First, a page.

“Whilst any particulate can cause respiratory problems, the smaller the size (and greater the concentration), the deeper the penetration into the body occurs.”

What can we draw from this?

It’s important to point out that Emissions Analytics isn’t attempting to demonise EVs for being heavier; their research is simply to ascertain the scale of the existing NEE problem, its various contexts, and how it can be addressed. Where we see it being particularly important for EVs is in the same way we look at upstream emissions and carbon debt from manufacturing – that green credentials are far more than just tailpipe emissions.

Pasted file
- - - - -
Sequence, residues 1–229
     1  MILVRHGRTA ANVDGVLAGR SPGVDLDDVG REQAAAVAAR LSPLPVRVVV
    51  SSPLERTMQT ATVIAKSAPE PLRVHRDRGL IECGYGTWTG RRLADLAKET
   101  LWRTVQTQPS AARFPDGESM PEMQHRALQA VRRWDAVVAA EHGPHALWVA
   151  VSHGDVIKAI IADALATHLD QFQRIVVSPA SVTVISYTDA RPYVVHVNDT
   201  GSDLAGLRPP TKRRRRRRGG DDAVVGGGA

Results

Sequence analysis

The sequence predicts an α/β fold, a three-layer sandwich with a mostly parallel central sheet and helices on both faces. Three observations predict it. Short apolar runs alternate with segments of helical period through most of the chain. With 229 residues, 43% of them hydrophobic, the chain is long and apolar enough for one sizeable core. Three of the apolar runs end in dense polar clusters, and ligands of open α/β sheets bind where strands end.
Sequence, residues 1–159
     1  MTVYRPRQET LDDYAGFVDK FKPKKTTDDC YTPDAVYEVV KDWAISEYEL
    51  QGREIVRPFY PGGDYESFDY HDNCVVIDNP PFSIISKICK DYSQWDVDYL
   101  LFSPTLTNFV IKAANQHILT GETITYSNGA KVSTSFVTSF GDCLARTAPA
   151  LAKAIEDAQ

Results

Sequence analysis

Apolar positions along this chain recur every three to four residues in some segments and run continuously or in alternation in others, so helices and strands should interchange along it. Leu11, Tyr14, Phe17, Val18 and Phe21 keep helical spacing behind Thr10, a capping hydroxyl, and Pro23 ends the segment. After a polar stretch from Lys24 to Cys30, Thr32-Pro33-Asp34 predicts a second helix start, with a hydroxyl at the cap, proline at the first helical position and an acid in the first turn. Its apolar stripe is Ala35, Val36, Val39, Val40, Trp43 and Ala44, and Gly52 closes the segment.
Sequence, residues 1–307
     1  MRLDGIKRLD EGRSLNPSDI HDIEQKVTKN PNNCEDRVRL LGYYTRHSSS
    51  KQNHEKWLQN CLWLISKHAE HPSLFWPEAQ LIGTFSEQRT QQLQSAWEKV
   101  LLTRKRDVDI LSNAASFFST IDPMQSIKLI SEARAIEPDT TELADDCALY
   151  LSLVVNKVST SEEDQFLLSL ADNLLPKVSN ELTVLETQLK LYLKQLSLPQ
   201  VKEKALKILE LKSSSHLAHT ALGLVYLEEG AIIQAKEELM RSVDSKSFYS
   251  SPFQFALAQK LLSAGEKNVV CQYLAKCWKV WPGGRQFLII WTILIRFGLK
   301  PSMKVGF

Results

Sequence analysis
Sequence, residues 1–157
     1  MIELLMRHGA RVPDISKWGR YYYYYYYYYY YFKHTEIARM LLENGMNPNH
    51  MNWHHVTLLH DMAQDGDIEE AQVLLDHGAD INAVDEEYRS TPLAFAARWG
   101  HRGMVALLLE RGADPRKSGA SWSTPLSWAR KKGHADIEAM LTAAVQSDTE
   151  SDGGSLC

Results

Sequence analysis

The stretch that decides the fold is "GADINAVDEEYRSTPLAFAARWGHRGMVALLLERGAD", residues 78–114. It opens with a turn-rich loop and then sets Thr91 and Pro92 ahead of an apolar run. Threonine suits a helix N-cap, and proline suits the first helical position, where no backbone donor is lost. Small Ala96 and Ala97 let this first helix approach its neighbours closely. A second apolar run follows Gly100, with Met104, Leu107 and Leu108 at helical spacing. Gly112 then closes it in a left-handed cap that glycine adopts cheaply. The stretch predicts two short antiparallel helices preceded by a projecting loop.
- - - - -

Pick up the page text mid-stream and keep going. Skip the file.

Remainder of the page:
The ongoing research is also designed to stimulate conversations among all stakeholders from the buying public, through to legislators – encouraging them to act on the problem. On an individual level this might simply mean splashing out on better tyres; on a legislative level this might end up with better tyre labelling to ensure consumers are informed when making a choice.

Emissions Analytics is continuing its research and will soon be releasing data that directly compares EVs to ICE vehicles and builds on the science already established. Somewhere down the line it would be good to think that an industry body or arm of the government would look at the problem on a more macro scale to discover a truer picture of the national particulate problem, and suggest sensible ways in which it can be addressed.

After all, if tyre wear is harmful to the atmosphere, we might need to rethink our definition of zero emissions vehicles.